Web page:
With determination and hard work, Paige tries to prove she can save the farm on her own, but when a real estate agent stakes a “For Sale” sign at the end of the driveway and threatens everything Paige loves, she calls on her younger brother and her best friends, Mateo and Kimana, to help battle this new menace. They may not have street smarts, but they have plenty of farm smarts, and some city lady who’s scared of spiders should be easy enough to drive away.

But even as the peacock gets healthier, the strain of holding all the pieces of Paige’s world together gets harder. Faced with a choice between home and family, she risks everything to make her wish come true, including the one thing that scares her the most: letting the farm go.”

My Book Review:

I really enjoyed this book. Paige is quite the character! She’s strong, strong-willed, stubborn, set in her ways, and thinks she’s a grown-up. She knows what she wants and will do pretty much anything to get it. I like these characteristics, but she may sometimes take things a little too far. Unfortunately, Paige doesn’t see that some of her actions cause more harm than good. She may think she’s helping, but she’s actually making things worse. I do love her effort, though. Paige’s brother Scotty isn’t quite like her. He’s easier to persuade, he is much quieter, and not quite as independent as Paige is. Of course, he is younger. I love the dynamics between the two of them. For the most part, they have a good relationship and work well together. They do have some sibling issues, which is normal.  

I love the way Ms. Swore developed these characters! Along with Paige and Scotty there is also their mom and grandpa, and their friends Mateo and Kimana. Kimana is Native American, and I loved learning more about her culture. Each character brings an important aspect to the story. I found all the characters to be developed well, realistic, flawed, and unique. Each has a unique voice and presence, and each shows growth and learning throughout the book.

The writing style that Ms. Swore uses grabbed me from the beginning. Although some difficult topics are weaved throughout the book, the writing doesn’t make it feel somber or heavy. I found it engaging, full of personality, and upbeat. It’s easy to read and understand, flows well, and has an interesting plot. There are some heavy moments, for sure, but those moments are counteracted by a few humorous times. Paige’s voice makes the story!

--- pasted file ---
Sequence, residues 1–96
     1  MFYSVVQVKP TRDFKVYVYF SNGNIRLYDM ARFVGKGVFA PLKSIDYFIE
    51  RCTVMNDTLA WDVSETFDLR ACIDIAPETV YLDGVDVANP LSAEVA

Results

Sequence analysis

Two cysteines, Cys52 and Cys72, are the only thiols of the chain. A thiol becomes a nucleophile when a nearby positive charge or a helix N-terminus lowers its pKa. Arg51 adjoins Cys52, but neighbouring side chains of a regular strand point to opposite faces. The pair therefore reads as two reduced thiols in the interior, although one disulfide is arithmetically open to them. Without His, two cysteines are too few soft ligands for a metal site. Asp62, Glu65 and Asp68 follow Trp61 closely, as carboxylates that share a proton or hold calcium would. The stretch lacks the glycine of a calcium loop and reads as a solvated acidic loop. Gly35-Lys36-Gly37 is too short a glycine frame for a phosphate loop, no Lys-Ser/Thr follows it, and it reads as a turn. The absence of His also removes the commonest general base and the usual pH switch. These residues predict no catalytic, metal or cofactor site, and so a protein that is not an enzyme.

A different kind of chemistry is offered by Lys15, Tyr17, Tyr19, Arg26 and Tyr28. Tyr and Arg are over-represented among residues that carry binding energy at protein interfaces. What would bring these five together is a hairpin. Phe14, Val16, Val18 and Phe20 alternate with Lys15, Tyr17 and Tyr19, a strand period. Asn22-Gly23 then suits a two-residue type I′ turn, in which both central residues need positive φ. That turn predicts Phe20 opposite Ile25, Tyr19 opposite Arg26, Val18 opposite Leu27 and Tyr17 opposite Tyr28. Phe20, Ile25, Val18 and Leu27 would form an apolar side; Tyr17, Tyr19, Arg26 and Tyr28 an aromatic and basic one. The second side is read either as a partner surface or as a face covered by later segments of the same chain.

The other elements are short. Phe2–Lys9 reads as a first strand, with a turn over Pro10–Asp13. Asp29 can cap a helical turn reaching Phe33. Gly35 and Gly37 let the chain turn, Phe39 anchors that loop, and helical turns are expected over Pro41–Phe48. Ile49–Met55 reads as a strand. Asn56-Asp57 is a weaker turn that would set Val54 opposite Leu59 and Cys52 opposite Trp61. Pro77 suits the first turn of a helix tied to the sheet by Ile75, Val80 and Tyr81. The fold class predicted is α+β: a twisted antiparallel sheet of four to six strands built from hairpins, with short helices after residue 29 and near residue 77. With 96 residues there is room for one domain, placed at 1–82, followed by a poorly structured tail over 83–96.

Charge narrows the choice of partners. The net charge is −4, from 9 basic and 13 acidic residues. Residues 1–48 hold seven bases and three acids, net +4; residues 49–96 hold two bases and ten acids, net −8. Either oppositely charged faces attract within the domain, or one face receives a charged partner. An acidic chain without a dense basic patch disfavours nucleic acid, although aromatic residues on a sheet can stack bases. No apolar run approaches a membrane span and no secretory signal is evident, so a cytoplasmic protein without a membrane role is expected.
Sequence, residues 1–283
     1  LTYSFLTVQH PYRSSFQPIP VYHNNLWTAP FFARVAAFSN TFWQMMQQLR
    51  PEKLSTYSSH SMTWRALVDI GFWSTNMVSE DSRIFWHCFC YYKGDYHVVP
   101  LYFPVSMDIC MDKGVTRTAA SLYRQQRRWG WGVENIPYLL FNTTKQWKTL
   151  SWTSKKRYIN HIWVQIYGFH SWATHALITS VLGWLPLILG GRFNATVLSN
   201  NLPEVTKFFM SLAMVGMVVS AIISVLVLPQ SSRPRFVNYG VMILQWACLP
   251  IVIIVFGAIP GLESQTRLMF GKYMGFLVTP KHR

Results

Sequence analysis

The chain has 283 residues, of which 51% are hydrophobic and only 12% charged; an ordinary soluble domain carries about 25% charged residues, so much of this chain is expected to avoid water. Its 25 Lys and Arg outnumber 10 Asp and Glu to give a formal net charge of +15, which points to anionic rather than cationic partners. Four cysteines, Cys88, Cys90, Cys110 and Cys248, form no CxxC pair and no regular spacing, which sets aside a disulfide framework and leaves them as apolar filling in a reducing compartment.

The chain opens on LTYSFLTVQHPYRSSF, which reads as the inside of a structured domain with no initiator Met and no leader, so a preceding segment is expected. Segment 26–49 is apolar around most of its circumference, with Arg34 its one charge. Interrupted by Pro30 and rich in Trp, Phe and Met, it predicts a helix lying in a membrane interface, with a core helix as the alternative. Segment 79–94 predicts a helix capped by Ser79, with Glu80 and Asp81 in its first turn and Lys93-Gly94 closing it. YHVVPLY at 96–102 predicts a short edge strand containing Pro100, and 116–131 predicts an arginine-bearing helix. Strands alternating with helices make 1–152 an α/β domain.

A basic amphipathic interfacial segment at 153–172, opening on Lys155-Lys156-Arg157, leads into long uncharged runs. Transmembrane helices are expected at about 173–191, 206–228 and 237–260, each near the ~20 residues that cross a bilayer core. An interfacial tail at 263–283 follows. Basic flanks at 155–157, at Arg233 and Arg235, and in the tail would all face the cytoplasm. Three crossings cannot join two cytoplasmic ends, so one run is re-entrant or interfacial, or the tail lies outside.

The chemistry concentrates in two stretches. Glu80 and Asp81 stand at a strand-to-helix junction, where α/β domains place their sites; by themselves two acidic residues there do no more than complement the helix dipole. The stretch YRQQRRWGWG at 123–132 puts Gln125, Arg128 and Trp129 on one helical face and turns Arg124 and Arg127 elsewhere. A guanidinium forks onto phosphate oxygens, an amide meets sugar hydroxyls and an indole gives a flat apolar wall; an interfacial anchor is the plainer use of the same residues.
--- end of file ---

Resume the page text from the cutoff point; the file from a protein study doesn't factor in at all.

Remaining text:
I love the lessons that this book teaches (You know me; I’m a sucker for lessons taught in books!). A few of the important lessons that this book focuses on are the importance of family, friendship, embracing change, dealing with the death of a loved one, knowing when you need to ask for help—and asking for it, and humility. These are just a few of them!

I really enjoyed this book. It’s such a cute story, it’s packed with important lessons, and it’s well written. I know my middle-grader will enjoy it for sure, and I think my 14 year-old daughter will also enjoy it. The cover art is beautiful!

Content Rating PGContent Rating: PG (It’s clean. There are a few heavier topics discussed, but no language, violence, or “intimacy.”)

Recommendation: Middle-Grader (4th-6th) and up

My Rating: 4/5

4 Star Review

Disclosure: I did receive a free copy of this book in exchange for my honest review.

 

If you’d like to purchase this book, click here: https://amzn.to/2SSIMWY

 

Similar Titles You May Be Interested In:

A Monster Like Me by Wendy S. Swore Squint by Chad Morris and Shelly Brown mustaches for maddie
 
 

Book Review of Promised by Leah Garriott

Promised by Leah Garriott

♦This post contains affiliate links. You don’t pay any extra, and I make a small commission.♦

♦Please see my Disclosure tab for more information.♦

Book Review of Promised by Leah Garriott